Continental and oceanic core complexes
Donna L. Whitney et al., University of Minnesota, Minneapolis, Minnesota, 55455, USA. Posted online 21 Dec. 2012; http://dx.doi.org/10.1130/B30754.1.
Core complexes are domal geologic structures that form when continental and oceanic lithosphere extends and, as a result, formerly deep rocks rise toward the surface below normal faults. Because deep rocks are brought close to the surface, the formation of core complexes results in the transfer or large amounts of heat and material from deep to shallow. Core complexes offer a glimpse of the deep crust and upper mantle because these rocks are carried upward as the crust flows to fill the gap created by extension of the upper crust. Formation of these structures is related to crustal evolution, global element cycles, heat budgets of continents and oceans, and ore formation. In this review, Donna L. Whitney and colleagues provide a survey of about 40 years of core-complex literature, discuss processes and questions relevant to the formation and evolution of core complexes in continental and oceanic settings, highlight the significance of core complexes for lithosphere dynamics, and propose a few possible directions for future research.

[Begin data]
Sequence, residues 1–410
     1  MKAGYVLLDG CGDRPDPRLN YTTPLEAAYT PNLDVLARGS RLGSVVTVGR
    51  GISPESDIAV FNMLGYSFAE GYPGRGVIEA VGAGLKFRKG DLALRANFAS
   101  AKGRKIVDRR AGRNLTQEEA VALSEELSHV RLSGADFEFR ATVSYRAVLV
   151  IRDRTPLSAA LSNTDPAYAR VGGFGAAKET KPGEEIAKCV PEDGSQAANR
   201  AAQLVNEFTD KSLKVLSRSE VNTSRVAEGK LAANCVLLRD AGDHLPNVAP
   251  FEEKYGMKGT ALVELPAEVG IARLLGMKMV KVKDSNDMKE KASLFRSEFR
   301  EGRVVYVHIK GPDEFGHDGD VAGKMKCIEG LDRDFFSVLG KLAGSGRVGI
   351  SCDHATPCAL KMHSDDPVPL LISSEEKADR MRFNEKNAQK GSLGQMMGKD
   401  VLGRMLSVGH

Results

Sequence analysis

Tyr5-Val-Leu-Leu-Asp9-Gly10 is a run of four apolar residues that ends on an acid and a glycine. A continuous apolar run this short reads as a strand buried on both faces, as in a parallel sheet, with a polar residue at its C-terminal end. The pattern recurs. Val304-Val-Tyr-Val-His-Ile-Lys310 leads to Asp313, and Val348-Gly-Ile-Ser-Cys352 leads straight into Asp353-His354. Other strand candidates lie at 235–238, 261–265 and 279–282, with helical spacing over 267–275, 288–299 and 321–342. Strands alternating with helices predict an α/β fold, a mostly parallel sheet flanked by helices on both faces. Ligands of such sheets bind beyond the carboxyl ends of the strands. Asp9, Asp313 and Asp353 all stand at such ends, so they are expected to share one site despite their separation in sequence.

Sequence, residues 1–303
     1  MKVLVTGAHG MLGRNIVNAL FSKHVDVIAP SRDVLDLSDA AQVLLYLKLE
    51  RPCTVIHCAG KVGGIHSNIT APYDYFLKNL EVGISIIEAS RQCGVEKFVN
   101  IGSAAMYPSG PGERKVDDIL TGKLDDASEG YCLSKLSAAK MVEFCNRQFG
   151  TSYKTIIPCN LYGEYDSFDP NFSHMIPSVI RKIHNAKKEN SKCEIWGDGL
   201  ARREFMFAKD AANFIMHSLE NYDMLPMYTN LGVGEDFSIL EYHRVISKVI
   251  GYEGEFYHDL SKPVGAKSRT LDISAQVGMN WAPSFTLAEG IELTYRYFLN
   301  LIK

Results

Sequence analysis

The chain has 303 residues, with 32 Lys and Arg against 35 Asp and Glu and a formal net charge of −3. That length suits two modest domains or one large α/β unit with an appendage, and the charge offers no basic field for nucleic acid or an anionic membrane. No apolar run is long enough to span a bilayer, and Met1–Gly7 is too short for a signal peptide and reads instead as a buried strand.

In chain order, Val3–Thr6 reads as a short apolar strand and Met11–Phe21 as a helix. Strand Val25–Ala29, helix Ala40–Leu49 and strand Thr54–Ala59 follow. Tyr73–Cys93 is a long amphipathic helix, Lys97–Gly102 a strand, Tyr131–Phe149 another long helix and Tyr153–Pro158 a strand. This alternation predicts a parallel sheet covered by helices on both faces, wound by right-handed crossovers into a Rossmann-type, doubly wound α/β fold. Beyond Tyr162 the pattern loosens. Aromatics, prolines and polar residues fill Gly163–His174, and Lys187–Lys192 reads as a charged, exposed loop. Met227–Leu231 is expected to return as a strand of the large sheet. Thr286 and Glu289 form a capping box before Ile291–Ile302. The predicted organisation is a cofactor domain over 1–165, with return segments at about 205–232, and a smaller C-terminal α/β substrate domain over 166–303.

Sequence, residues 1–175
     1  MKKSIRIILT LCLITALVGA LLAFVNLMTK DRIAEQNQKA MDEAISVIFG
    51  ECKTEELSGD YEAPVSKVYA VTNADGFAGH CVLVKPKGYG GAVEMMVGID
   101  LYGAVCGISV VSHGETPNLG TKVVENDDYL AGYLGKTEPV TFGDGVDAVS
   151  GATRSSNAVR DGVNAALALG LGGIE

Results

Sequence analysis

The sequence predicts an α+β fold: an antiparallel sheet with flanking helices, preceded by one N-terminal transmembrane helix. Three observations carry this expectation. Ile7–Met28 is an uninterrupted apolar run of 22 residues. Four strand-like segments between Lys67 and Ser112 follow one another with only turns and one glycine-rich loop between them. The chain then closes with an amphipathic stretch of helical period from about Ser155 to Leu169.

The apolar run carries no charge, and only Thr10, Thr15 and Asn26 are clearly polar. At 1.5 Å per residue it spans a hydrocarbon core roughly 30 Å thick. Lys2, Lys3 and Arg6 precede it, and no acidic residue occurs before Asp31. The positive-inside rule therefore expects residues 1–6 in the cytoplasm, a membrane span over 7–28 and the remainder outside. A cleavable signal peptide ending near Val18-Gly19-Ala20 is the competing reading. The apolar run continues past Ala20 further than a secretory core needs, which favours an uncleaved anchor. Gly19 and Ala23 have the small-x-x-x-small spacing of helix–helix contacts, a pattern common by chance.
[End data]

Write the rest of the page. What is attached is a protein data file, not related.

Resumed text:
Vegetation, sea-level, and climate changes during the Messinian salinity crisis
G. Jimnez-Moreno et al., Departamento de Estratigrafa y Paleontologa, Universid
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Geological Society of America